The business practices of private equity firms have been forced into the spotlight as attacks on Mitt Romney’s past leadership of Bain Capital become a central theme in the Republican primary race. I hope that as journalists focus more attention on private equity firms, they also turn around and look at their own industry. Over the last ten years private equity firms have become major players in the media, introducing new questions and considerations in the debate over media ownership.
It just so happens, that this new focus on private equity also comes as the Federal Communications Commission launches its next review of media ownership rules. In January of 2008 I wrote about the role of private equity firms in the debate around media consolidation. At the time, the FCC had just voted through troubling changes in its media ownership rules (which were later overturned in the courts) and they had just approved the sale of Clear Channel to two private equity firms. One of those firms was Romney’s Bain Capital, which has a stake in a number of media properties.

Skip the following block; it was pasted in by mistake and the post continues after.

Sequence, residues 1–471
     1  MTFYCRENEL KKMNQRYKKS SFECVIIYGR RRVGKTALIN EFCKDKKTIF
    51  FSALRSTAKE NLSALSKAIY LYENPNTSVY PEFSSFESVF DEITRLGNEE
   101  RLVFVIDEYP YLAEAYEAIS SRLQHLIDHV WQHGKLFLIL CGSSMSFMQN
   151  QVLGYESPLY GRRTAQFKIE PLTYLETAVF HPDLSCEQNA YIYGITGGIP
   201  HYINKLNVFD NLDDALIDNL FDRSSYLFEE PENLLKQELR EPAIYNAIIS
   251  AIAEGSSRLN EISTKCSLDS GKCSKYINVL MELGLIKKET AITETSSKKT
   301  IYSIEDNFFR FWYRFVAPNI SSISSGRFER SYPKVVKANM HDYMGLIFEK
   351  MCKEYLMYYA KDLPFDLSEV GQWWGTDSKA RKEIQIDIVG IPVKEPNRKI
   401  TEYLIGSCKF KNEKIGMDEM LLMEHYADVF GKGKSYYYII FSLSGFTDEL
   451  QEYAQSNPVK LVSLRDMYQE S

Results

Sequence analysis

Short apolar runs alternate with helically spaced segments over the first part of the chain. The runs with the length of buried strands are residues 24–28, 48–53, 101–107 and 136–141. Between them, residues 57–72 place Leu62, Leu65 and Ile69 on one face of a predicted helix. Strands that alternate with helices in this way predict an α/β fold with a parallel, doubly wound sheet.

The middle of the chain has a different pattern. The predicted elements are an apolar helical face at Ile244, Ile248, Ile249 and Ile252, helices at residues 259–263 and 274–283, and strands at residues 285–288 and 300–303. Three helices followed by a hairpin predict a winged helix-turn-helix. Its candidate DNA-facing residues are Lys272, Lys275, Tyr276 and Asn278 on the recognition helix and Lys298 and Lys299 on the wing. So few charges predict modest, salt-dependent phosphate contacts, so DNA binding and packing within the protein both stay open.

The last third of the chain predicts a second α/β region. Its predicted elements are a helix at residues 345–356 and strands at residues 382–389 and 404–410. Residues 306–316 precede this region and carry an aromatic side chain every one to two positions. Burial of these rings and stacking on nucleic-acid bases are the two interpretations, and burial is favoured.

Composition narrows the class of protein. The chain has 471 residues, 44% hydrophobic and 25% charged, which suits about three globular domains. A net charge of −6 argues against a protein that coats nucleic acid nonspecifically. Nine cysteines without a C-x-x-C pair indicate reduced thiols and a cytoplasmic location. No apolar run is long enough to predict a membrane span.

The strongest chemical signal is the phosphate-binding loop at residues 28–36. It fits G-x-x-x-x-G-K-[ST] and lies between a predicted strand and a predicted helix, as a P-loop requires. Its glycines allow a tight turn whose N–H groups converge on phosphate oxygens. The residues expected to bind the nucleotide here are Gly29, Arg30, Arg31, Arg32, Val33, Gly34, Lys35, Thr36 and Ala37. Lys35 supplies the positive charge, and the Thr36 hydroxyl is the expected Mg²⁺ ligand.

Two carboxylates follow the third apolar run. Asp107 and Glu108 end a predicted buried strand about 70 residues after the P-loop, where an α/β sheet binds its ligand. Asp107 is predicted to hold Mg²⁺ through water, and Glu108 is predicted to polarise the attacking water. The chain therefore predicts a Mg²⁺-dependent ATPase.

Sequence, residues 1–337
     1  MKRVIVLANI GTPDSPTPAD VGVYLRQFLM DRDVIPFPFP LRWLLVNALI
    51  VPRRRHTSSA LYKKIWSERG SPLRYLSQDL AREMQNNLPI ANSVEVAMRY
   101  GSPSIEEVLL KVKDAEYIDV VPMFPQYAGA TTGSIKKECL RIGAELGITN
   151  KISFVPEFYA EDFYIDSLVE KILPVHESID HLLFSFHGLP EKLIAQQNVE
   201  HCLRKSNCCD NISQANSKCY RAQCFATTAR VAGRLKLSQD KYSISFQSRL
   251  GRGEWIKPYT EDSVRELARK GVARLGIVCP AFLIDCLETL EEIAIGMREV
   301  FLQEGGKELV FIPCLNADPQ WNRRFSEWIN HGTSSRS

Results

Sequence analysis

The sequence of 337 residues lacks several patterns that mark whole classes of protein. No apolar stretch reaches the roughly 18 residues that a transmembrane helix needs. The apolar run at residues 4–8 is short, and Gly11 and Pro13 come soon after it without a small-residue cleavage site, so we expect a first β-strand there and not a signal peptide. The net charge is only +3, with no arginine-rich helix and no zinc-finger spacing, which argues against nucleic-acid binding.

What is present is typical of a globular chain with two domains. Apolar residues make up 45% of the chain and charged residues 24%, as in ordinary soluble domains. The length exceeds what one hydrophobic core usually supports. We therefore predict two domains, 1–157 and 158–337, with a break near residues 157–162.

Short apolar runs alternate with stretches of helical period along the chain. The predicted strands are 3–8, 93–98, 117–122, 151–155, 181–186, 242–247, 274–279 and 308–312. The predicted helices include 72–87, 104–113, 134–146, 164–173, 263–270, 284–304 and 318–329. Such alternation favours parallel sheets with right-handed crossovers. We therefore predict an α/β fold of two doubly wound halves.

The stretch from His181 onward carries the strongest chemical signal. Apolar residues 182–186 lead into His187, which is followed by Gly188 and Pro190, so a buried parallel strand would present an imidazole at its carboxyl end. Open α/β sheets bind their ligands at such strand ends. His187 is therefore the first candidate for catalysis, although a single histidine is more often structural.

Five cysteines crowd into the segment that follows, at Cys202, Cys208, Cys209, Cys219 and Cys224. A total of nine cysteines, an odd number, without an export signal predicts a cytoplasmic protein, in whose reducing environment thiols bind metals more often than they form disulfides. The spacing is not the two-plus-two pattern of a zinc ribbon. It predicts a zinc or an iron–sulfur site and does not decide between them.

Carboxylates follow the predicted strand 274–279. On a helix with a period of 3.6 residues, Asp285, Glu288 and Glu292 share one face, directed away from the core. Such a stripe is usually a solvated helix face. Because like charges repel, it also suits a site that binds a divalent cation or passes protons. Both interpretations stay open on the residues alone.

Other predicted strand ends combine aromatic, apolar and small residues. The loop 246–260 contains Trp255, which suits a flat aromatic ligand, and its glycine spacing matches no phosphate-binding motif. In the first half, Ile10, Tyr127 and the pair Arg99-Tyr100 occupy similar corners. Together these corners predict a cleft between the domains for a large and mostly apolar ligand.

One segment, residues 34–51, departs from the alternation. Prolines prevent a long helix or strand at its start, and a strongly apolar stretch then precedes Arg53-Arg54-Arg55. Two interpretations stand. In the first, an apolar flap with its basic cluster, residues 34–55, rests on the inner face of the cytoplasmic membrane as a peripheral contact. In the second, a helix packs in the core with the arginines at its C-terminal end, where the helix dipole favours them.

At the time, the Broadcast Law Blog wrote “Private equity should be aware that, in a future FCC, an investigation of the economics of their operations should be expected.” That has yet to happen.
A year later, Matt Crain conducted an in-depth study of the regulatory challenges raised by a media system so intertwined with private equity. He wrote:
“Private equity’s entrance into media ownership compounds the already convoluted networks of attribution that characterize the U.S. media landscape. Clear Channel’s takeover by Bain Capital and Thomas H. Lee Partners illustrates this dynamic. Both private equity firms own stakes in Cumulus Media, one of Clear Channel’s main radio competitors, and both firms are heavily invested in Warner Music, a major music supplier to the radio industry. Thomas H. Lee Partners holds stakes in Univision, also an active radio broadcaster.”